On This Day

churchill victory salute, churchill v sign, winston churchill victory
Associated Press
Winston Churchill

On This Day: Churchill Galvanizes Congress in Fight Against Nazism

December 26, 2010 06:00 AM
by findingDulcinea Staff
On Dec. 26, 1941, less than three weeks after the United States entered World War II, Winston Churchill became the first British prime minister to address a joint meeting of Congress. 

“We Can Beat the Life out of the Savage Nazi”

Winston Churchill became Britain’s prime minister in May 1940, just a month before France capitulated to Nazi Germany and left Britain virtually alone to oppose Hitler’s advances. His stirring words came to buoy Britain through the dark months of 1940-1.

“When the German armies conquered France and Britain faced the Blitz, Churchill embodied his country's will to resist,” writes biographer Piers Brandon. “His oratory proved an inspiration.”

His radio broadcasts transmitted a message of resolute—indeed, romantic—defiance. He called on his countrymen to fight with an eye to history, so that “if the British Empire and its Commonwealth last for a thousand years, men will still say: ‘This was their finest hour.’”

“To inspire in troubled times is an attribute possessed by very few,” writes biographer Carlo D’Este. “Churchill succeeded in rallying a nation largely by equal measures of iron determination and splendid oratory. He was an authentic and charismatic model of modern leadership who convinced his people to believe in him.”

Britain withstood German attacks until the Soviet Union and United States were drawn into the fight against the Nazis in 1941, turning the tide of the war.  No surprise then that it was an upbeat Churchill who spoke before the joint meeting of Congress in a Dec. 26 address, less than three weeks after the attack on Pearl Harbor.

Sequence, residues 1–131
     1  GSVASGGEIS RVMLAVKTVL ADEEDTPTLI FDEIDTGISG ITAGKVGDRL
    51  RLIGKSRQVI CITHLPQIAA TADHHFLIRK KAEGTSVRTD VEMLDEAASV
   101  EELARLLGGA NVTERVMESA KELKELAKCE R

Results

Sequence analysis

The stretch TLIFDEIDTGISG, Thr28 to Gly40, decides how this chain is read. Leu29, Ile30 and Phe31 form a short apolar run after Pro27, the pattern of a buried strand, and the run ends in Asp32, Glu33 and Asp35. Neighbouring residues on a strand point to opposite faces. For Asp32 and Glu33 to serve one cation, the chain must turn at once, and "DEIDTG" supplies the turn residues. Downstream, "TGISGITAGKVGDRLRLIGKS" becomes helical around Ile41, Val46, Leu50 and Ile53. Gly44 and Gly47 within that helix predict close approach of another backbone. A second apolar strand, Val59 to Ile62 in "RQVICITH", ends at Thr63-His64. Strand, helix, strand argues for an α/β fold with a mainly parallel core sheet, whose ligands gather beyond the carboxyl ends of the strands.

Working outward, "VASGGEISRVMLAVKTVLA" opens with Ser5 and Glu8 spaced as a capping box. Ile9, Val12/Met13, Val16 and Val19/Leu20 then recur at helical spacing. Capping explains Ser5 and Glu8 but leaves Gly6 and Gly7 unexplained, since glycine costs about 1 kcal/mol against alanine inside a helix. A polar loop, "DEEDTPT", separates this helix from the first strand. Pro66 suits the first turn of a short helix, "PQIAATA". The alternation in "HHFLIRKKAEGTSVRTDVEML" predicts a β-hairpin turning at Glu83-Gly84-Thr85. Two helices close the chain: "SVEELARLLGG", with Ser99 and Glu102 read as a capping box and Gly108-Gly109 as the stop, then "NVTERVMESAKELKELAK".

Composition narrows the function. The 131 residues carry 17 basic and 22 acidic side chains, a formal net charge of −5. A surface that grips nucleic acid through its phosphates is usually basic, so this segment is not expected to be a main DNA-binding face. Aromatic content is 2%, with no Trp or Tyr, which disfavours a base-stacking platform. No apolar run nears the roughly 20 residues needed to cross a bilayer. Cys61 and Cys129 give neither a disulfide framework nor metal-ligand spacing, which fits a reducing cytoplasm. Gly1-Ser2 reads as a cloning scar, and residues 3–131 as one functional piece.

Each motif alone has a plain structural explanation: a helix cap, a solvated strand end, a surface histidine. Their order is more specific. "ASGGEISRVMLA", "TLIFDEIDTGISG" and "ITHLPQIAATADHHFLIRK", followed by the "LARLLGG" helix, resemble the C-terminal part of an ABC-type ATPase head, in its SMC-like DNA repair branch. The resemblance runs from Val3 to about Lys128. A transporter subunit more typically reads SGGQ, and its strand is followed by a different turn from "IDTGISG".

In his half-hour speech, described by on journalist as “full of bubbling humor, biting denunciation of totalitarian enemies, stern courage—and hard fact,” Churchill declared that the Allies could overcome the daunting challenges of war. “With proper weapons and proper organization,” he said, “we can beat the life out of the savage Nazi.”

“In a dozen famous ancient States now prostrate under the Nazi yoke, the masses of the people of all classes and creeds await the hour of liberation, when they too will be able once again to play their part and strike their blows like men,” he continued. “That hour will strike, and its solemn peal will proclaim that the night is past and that the dawn has come.”

Churchill ended the speech with his famous “‘V’ for victory” sign, as the audience applauded.

Background: Churchill as Prime Minister

World War II began with Germany’s invasion of Poland in September 1939. Churchill became Britain’s prime minister on May 10, 1940, the day that Hitler launched his blitzkrieg attack on France, Holland and Belgium.

France surrendered on June 22, leaving Britain alone to face Nazi Germany. That August, the German Luftwaffe began a sustained aerial campaign on Britain's south coast, hoping to disable the Royal Air Force and allow for an amphibious invasion.

In September, the Luftwaffe began bombings attacks on London and other industrial centers, hoping to devastate the morale of the British people. During this dark time in British history, as the outmanned RAF held off the Luftwaffe and civilians saw their homes bombed nightly, Churchill preached unwavering defiance.

At the same time, he desperately tried to convince President Roosevelt to join the war. In March 1941, after Britain had prevailed in the Battle of Britain and survived the worst of the Blitz, Roosevelt agreed to the Lend-Lease Act providing arms and supplies to Britain. But it was not until after the Dec. 7, 1941 attack on Pearl Harbor that the U.S. entered the war.

Reference: The Words of Winston Churchill

The Churchill Society hosts the full texts of many of Churchill’s speeches, including his Dec. 26 address.

The Library of Congress provides Churchill's annotated notes and an audio excerpt from his address to Congress.

NPR features an audio excerpt of Churchill’s Dec. 26 address, as well as his June 18, 1940 “Finest Hour” speech.

Most Recent Beyond The Headlines